What is “jank”? It’s artifacts in your UI.
I’ve mainly heard the term used in a frontend web programming context. Ironically, most low level timing and painting is implemented for you on the web. It’s much harder to build something jank-free in a low level cross-platform C++ UI framework such as JUCE.
I spent a week trying to get a tooltip to animate nicely in JUCE.
I spent a couple days trying to track down text rendering issue in a TextEditor.
On the main plugin I’m developing, there’s probably been a couple dozen occasions so far where I resorted to manually logging paint calls to understand why components were painting partially or “animating” strangely.
In the end, I sat down and stepped through the entire component painting process to make sure I had my fundamentals down.
Jank is jerky.
Jank is glitchy and flickering.
Jank is an unintentional intermediate state.
Jank is jarring and communicates “low quality” and “nobody cared.” It’s not functionally broken, but it’s certainly not nice.
Jank is my nemesis. I want to build UIs that look nice, feel snappy, and are free of papercuts.
A C++ framework like JUCE seems more prone to jank than something like HTML/CSS:
- It’s low level enough where one has to manually manage, time and optimize paint calls
- A dev has to learn the hard way (experience or via the source) when the framework actually repaints components. For example, it’s important to know which methods (such as
setVisible) call repaint….. or that each repaint will call repaint on the component’s parent if the component is transparent, etc.
- JUCE’s out of the box widgets, such as tooltips, were not built with animation in mind.
- There’s very minimal paint debugging in JUCE.
- Component animation support is ad-hoc, rather than built into the concept of a JUCE component.
- Catch22: Most audio plugin UIs are single screens, in part because it’s very high effort to make a nice cross-platform multi-screen app.
Animating one component over another
I wanted a tooltip to move with a slider thumb. I discovered this was hard.
To resolve the jank (after a lot of debugging), I got clinical with paint call timing. I made sure everything was always painted synchronously (via manually calling repaint on siblings).
I had a problem where text entry felt delayed and letters appeared in pieces in two subsequent paint calls.
The root cause was because a lot of my UI was behind the modal form the
TextEditor was sitting on. It turns out
setOpaque wasn’t preventing those parts of the UI from painting, so lots of my UI would repaint when the cursor sang the song of its people. See the forum post.
Popups and Overlays
I’ve run into this many times. Any time a component is being placed on top of another, care has to be given to paint ordering.
If you are seeing painting jank or glitching but can’t quite understand what’s happening, take the guesswork out of the equation: screen record what’s happening and then step through it frame by frame.
DBGin paint calls of relevant children, sibling and parents. Perform relevant UI actions and check out the z order.
- If you are using stock JUCE “widgets”, google their implementations for calls to
repaint, you might be surprised when things are repainting.
- All sorts of things can cause a repaint, such as
setBounds, a child’s paint call, etc. Get clear on the order.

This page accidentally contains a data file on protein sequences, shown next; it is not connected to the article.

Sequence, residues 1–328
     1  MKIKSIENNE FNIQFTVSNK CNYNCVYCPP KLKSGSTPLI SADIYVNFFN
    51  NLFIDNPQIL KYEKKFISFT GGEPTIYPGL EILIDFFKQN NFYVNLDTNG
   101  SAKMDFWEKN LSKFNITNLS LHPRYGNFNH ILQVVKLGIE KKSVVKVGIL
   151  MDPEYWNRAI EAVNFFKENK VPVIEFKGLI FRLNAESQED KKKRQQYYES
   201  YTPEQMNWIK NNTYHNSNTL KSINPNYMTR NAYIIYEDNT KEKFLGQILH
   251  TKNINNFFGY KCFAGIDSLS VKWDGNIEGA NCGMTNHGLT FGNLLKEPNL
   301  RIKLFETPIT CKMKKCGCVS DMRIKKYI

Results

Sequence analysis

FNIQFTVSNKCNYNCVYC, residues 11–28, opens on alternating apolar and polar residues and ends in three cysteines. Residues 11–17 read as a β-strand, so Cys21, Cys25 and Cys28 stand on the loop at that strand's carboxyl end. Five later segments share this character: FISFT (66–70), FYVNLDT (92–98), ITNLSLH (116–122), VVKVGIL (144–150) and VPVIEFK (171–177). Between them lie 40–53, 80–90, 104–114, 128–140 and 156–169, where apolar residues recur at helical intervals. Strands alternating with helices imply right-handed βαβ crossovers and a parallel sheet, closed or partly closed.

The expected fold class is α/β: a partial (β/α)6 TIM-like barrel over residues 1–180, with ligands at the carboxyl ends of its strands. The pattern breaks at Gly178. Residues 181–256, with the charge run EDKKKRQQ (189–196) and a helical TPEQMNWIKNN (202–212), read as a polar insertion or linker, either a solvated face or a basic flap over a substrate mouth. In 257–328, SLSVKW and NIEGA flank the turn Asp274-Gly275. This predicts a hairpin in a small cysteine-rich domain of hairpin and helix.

- If you are using custom UI components that you wrote, verify where you placed calls to
This can feel tough to track down, but it’s easy.
Let’s say that know (through
DBG calls, etc) that something is constantly calling repaint().
What is it? You can’t stick a breakpoint in
paint — paint calls originate from the OS.
To resolve, stick a breakpoint in juce_component.cpp inside
Probably it’s just a timer still going when it should have been stopped.
Log all component paint calls
Step 1: Open up the JUCE component implementation and stick
DBG calls in
Component::paintComponentAndChildren for next to each call to
paint(). Note: don’t be tempted to put the
DBG call into the
Component::paint method, as it could be overridden.
Step 2: Demangle the component type name so you know which component is painting. I wrote a method
melatonin::componentString to do this, which I include in
juce_Component.cpp each time I need to do this.
Step 3: Stick something like the following into
handlePaint method to understand what the paint bounds are for each call:
DBG("Clip bounds at handlePaint(): " + g.getClipBounds().toString())
Note: this doesn’t take hierarchy into account, but it should give you a fuller picture of what’s actually painting.
I’m a huge fan of Perfetto, the application performance tracer.
You can stick macros in the same places described above (next to the calls to paint) and get a visual hierarchy over time.
Some people swear by “Quartz Debug” on MacOS.
You can it get by downloading “Additional Tools for Xcode” on apple’s developer site. It’s flashes paint call bounds on screen in a way people find more reliable than
Better support for component debugging would help a lot.
JUCE_ENABLE_REPAINT_DEBUGGING visually shows you what is repainting. But it’s very hard to visually parse timing issues with flickering colors. It would be nice to have a way to debug the when and better understand how the component hierarchy is interacting.
It would be great if we could register a lambda with JUCE that is called with a reference to component on every paint call in debug. This would enable some very cool tooling (and be useful for easy console debugging).
Another improvement would be having first class animation support in the library, including implementing common easing functions, adding stack blur shadows and perhaps taking some inspiration from the greensock API. I believe this would raise the bar and better guarantee that common tasks such as popping up a modal or animating a tooltip are jank free out of the box.